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Funiwa offshore spill: Environmentalist seeks stringent regulation for operators

An environmental rights activist, Mr Alagoa Morris, on Wednesday, January 20, 2021 called for stringent regulation of activities of oil firms operating offshore in the nation’s territorial waters.

Alagoa Morris
Alagoa Morris

In an interview in Yenagoa, Bayelsa State, Morris noted that recent incidents had shown that oil and gas exploration at offshore fields comes with greater risks to the maritime environment.

Reacting to leaks from Funiwa oilfield operated by Chevron Nigeria Ltd (CNL) off the Atlantic coastline of Bayelsa, the environmentalist decried the poor response of oil firms operating in the area.

He said that the National Oil Spills Detection and Response Agency (NOSDRA) should be adequately funded and equipped to have unfettered access to offshore fields rather than relying on operators.

Fishermen around the Atlantic Ocean coastline had on Sunday reported an oil leak suspected to be from the Funiwa fields.

However, the operator of the field, Chevron, denied responsibility for the leakage.

Mr Esimaje Brikinn, Chevron’s General-Manager, Policy, Government and Public Affairs, said that there was no leakage from its operations in Bayelsa.

“CNL, operator of the joint venture between the Nigerian National Petroleum Corporation (NNPC), the NNPC/CNL JV, is aware of media reports suggesting an oil leakage from Funiwa field in Bayelsa.

“We wish to state that contrary to these reports, there has been no such oil leakage or spill incident at any of our facilities in Bayelsa State,’’ he said.

Morris said that if the oil firms operate in an environmentally sustainable manner as they claim, their priority would be to activate oil spill response mechanism rather than denying it.

The environmentalist recalled that there was an explosion at the same field on Jan. 16, 2012.

“Interestingly, this is happening on the same date, 16th January, nine years after the Chevron North Apoi explosion within the same environment.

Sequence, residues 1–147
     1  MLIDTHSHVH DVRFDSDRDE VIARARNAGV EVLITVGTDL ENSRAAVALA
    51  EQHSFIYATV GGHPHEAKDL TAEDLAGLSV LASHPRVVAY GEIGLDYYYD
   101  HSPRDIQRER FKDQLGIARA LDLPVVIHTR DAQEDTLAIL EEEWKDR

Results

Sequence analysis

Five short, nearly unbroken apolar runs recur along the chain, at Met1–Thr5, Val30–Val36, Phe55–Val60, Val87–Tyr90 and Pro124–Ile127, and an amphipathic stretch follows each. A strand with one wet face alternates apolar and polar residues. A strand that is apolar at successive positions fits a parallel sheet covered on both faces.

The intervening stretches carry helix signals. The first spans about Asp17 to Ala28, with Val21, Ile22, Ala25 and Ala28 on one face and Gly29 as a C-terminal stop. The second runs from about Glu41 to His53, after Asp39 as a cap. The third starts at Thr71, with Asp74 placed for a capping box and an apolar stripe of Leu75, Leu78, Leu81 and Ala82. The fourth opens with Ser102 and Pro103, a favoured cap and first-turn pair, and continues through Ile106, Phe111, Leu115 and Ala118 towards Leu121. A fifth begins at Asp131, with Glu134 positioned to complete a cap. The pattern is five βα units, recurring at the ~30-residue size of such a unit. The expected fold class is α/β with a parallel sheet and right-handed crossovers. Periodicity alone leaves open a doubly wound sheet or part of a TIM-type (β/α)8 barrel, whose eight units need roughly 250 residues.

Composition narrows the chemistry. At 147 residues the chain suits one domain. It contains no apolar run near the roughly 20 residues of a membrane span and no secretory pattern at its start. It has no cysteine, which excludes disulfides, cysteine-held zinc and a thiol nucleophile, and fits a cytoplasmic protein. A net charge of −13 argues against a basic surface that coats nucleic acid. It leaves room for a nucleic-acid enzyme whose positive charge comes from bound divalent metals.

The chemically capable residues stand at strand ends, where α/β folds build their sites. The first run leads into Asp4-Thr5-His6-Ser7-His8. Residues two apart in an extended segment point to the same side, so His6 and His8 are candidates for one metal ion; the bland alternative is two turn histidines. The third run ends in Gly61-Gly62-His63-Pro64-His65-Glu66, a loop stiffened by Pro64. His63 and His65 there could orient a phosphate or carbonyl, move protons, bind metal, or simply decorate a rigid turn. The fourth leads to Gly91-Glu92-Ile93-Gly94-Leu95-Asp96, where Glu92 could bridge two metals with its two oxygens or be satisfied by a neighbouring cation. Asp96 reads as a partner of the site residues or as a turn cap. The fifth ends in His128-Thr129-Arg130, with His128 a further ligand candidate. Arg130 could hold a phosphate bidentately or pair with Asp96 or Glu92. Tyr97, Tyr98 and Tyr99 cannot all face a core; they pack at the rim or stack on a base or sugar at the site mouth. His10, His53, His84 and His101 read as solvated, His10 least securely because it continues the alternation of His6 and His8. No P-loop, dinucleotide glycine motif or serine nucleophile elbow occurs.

“The offshore environment is more prone to environmental pollution because the water current spreads whatever is discharged wider and faster, and before you know it the leaked crude is washed away.

“When the regulators visit to take samples after the usual delays, the results will exonerate the operator that is why the companies delay because they know that the only access to the area is by aircraft or vessels.

“I think these oil companies are trying to further deny victims of their activities by taking undue advantage of offshore operations.

“This is one reason offshore operations should be seen as a great threat to fishermen in terms of livelihood and public health.’’

Morris, who is of the Environmental Rights Action/Friends of the Earth Nigeria (ERA/FoEN), also recalled that in 2017, some environmentalists suggested states in the Niger Delta region, especially Bayelsa, to establish a “standard science laboratory to assist communities and individuals test materials from oil industry induced pollution’’.

He noted that adequate commitment had not been shown towards the safety of the environment in the country.

“Talks about the environment have been more of rhetoric and nothing more.

“The oil industry operators have known that regulators are incapacitated by funding and equipment, so they are not bothered.

“The day the regulators would take their rightful place, the oil companies would have no options than do the right things or get penalised,” Morris said.

The environmentalist wondered why NOSDRA could not apply appropriate technology like satellite imagery, drones to monitor discharge of crude oil at oilfields and bring culprit to book.

By Nathan Nwakamma

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